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The Human Development Index in Historical Perspective: Italy from Political Unification to the Present Day


  • Leandro Conte


  • Giuseppe Della Torre


  • Michelangelo Vasta



The aim of this research is to provide a long run estimate of the Human Development Index (HDI) for Italy. To this purpose we have reconstructed Italian historical series relative to life expectancy, literacy rate, school enrolment rates and income. All the series presented are the result of a study which has produced, starting from primary sources, original series disaggregated to the regional level. The possibility of having, for Italy, a basis of comparison with the main developed countries has permitted us to show that, even though there has been significant progress in the values of the single variables, the country has not appreciably improved its position in the world ranking. This seems to be due, in large part, to the trend of the education variables that displays values decidedly distant from those of the main industrialized countries. As far as regional trends are concerned, we can observe a slow process of alignment of the values of the Southern regions to the values of the other Italian regions for levels of education and longevity, while income levels for the 1990s still remain quite distant.

Suggested Citation

  • Leandro Conte & Giuseppe Della Torre & Michelangelo Vasta, 2007. "The Human Development Index in Historical Perspective: Italy from Political Unification to the Present Day," Department of Economics University of Siena 491, Department of Economics, University of Siena.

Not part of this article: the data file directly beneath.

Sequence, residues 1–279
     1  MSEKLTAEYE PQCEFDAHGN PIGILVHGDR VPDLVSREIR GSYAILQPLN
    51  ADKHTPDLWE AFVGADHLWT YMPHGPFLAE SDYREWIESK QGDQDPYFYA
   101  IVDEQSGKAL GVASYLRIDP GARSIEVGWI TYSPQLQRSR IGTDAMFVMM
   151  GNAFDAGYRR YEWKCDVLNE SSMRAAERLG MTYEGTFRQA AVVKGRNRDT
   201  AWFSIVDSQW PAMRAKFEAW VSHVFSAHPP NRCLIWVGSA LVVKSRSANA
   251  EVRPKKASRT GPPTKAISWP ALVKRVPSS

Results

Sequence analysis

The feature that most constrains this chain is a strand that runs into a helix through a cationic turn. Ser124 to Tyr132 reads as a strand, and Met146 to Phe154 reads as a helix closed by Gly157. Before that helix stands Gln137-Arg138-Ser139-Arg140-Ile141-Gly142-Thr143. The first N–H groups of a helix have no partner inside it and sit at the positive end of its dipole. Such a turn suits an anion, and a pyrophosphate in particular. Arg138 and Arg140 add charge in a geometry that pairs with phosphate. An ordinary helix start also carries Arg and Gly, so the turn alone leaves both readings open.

• Handle: RePEc:usi:wpaper:491

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    Cited by:

    1. Leandro Prados de la Escosura, 2010. "Improving Human Development: A Long-Run View," Journal of Economic Surveys, Wiley Blackwell, vol. 24(5), pages 841-894, December.
    2. Andrea Brandolini & Giovanni Vecchi, 2011. "The Well-Being of Italians: A Comparative Historical Approach," Quaderni di storia economica (Economic History Working Papers) 19, Bank of Italy, Economic Research and International Relations Area.
    3. Jana Asher & Beth Osborne Daponte, 2010. "A Hypothetical Cohort Model of Human Development," Human Development Research Papers (2009 to present) HDRP-2010-40, Human Development Report Office (HDRO), United Nations Development Programme (UNDP).
    4. Emanuele Felice & Michelangelo Vasta, 2015. "Passive modernization? The new human development index and its components in Italy's regions (1871–2007)," European Review of Economic History, Oxford University Press, vol. 19(1), pages 44-66.
    5. Giovanni Iuzzolino & Guido Pellegrini & Gianfranco Viesti, 2011. "Convergence among Italian Regions, 1861-2011," Quaderni di storia economica (Economic History Working Papers) 22, Bank of Italy, Economic Research and International Relations Area.
    6. Gabriele Cappelli, 2016. "One size that didn’t fit all? Electoral franchise, fiscal capacity and the rise of mass schooling across Italy’s provinces, 1870–1911," Cliometrica, Springer;Cliometric Society (Association Francaise de Cliométrie), vol. 10(3), pages 311-343, September.
    7. Gabriele Cappelli, 2016. "Escaping from a human capital trap? Italy's regions and the move to centralized primary schooling, 1861–1936," European Review of Economic History, Oxford University Press, vol. 20(1), pages 46-65.

    More about this item

    JEL classification:

    • N30 - Economic History - - Labor and Consumers, Demography, Education, Health, Welfare, Income, Wealth, Religion, and Philanthropy - - - General, International, or Comparative

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